The Los Angeles Daily News reports that the Los Angeles County District Attorney’s Office declined to press charges against a sheriff’s deputy who fatally struck cyclist Milton Olin Jr. while he was apparently distracted by his mobile digital computer. “Wood entered the bicycle lane as a result of inattention caused by typing into his (Mobile Digital Computer),” according to the declination letter prepared by the Justice System Integrity Division of the District Attorney’s Office and released Wednesday. “He was responding to a deputy who was inquiring whether the fire investigation had been completed. Since Wood was acting within the course and scope of his duties when he began to type his response, under Vehicle Code section 23123.5, he acted lawfully.”
To establish the crime of vehicular manslaughter, prosecutors would have to prove beyond a reasonable doubt that Wood was criminally negligent. While Wood was texting shortly before the collision, there was no evidence he was texting or doing anything else that would have distracted him at the time of the collision. Olin’s family has filed a wrongful death lawsuit against the county, the Sheriff’s Department and the deputy, alleging driver negligence and seeking to obtain more information about the incident. “Just because the law allows someone to do something while driving doesn’t mean they are allowed to do something unsafely while driving,” says Eric Bruins. “Hitting someone from behind is very clear evidence that whatever was going on in that car was not safe and should have been considered negligent.”
Update: A day after prosecutors declined to file charges against a distracted sheriff’s deputy who fatally struck a cyclist in Calabasas in December, an official with the L.A. County Sheriff’s Department said it is launching its own administrative probe into the deputy’s behavior.
(Score: 3, Insightful) by skater on Wednesday September 03 2014, @03:52PM
Meh, I'm still tottering on the "Fuck you, man" angle in response to your post, mainly for the "he deserved it and it's his fault" lines. No, he didn't. You're blaming the victim. You claim you think it shouldn't be this way, but then you go ahead and continue blaming the victim, which just perpetuates the problem. You've decided the situation is so bad that it's not worth saving - so it's his fault, not the fault of the officer that wasn't paying attention.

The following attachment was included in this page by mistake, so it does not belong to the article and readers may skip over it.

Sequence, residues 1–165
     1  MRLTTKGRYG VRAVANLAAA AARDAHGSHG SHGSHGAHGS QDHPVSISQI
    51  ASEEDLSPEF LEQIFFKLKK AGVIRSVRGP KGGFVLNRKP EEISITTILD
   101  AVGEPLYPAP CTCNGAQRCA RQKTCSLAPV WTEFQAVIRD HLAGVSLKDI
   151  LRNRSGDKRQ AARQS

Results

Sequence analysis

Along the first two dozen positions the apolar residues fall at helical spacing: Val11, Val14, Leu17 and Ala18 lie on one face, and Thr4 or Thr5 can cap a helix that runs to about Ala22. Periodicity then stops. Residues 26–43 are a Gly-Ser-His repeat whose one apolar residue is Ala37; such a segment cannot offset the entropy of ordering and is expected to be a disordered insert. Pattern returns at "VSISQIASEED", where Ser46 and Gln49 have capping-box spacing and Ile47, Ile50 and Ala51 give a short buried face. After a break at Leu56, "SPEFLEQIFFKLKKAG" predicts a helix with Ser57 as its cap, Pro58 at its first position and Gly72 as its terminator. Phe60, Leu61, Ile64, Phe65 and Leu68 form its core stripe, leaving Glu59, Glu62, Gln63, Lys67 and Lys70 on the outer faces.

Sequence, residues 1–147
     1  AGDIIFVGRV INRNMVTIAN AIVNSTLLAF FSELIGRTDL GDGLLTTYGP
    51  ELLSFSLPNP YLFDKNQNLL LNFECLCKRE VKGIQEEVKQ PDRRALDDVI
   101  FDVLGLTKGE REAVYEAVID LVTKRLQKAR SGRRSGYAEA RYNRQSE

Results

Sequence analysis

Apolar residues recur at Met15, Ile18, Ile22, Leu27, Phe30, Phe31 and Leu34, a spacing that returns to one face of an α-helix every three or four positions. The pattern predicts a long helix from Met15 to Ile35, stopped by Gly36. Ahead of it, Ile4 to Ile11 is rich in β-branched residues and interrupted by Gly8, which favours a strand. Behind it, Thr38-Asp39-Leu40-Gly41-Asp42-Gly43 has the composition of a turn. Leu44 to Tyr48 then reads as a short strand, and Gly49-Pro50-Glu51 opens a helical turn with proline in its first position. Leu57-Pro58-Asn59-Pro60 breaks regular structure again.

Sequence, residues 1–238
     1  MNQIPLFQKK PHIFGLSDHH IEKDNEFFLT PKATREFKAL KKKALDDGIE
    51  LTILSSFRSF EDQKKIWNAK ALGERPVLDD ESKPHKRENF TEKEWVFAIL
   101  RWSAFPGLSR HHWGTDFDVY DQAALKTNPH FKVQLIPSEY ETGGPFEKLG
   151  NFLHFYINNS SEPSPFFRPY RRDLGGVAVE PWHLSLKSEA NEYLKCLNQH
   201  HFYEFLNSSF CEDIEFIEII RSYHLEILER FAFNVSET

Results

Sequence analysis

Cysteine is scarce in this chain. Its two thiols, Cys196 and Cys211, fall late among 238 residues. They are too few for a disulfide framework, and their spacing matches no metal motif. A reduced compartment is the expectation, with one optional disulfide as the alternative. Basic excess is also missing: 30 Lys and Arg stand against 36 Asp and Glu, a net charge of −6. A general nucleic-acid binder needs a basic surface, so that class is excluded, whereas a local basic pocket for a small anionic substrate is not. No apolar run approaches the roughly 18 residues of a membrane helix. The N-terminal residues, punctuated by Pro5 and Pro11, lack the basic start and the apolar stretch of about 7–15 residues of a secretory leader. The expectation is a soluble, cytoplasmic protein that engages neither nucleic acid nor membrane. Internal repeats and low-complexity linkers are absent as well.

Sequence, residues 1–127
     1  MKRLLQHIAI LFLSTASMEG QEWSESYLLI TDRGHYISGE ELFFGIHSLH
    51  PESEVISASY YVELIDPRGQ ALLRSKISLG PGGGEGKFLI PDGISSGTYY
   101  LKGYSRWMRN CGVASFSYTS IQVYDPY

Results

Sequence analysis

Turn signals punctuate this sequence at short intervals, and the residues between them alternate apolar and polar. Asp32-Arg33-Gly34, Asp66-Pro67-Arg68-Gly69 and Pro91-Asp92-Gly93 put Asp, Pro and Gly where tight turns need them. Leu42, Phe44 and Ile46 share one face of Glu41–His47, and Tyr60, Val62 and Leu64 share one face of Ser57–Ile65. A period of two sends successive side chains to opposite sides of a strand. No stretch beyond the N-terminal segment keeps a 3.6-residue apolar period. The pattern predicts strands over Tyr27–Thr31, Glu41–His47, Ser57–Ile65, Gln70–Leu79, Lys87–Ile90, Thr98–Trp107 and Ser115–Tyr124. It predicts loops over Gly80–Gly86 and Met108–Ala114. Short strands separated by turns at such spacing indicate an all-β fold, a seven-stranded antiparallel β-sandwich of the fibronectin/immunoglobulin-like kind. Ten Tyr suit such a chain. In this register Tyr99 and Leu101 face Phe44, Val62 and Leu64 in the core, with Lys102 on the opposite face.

But the sport of cycling seems to be growing, not shrinking. I don't have numbers but it seems like every time I turn around there are more and more people doing it. Every time I go on a ride, I see at least two or three other cyclists out there - and this is near DC, where the drivers exhibit a special kind of insanity.
In your world, what isn't a fundamentally suicidal activity? Driving anywhere - lots of people are killed in automobile accidents too. Staying at home is a fundamentally suicidal activity - people fall off ladders and die.
And your "death by cop" comment just ices the cake of your absurd comment, as if the victim of this crime could have predicted a cop would get distracted and run him over.
I get it now, you're just trolling to get this site's numbers up, aren't you? And I've fallen into the trap.
(Score: 1, Informative) by Anonymous Coward on Wednesday September 03 2014, @05:09PM
> But the sport of cycling seems to be growing, not shrinking.
It seems paradoxical but the more people ride bicycles on city streets, the less likely they are to be injured in traffic accidents. [sciencedaily.com]
> You've decided the situation is so bad that it's not worth saving - so it's his fault, not the fault of the officer that wasn't paying attention.
No he's genuine in being a total asshole.
(Score: 2) by mhajicek on Thursday September 04 2014, @02:55AM
Part of the problem is in the widespread belief that cycling is always optional, as you refer to it as a hobby or sport. For many it is, but for many others for one reason or another it is the most reasonable form of transportation available.
The spacelike surfaces of time foliations can have a cusp at the surface of discontinuity. - P. Hajicek